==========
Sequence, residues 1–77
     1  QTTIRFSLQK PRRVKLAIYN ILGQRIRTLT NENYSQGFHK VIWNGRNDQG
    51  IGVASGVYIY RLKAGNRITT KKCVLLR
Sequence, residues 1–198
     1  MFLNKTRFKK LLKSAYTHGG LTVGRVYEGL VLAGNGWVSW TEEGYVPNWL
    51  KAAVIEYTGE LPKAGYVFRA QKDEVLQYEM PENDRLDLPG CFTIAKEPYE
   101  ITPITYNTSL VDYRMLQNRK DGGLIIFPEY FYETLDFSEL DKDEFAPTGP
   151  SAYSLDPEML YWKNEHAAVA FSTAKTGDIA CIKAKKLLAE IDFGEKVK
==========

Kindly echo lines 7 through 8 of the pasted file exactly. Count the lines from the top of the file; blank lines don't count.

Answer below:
   101  ITPITYNTSL VDYRMLQNRK DGGLIIFPEY FYETLDFSEL DKDEFAPTGP
   151  SAYSLDPEML YWKNEHAAVA FSTAKTGDIA CIKAKKLLAE IDFGEKVK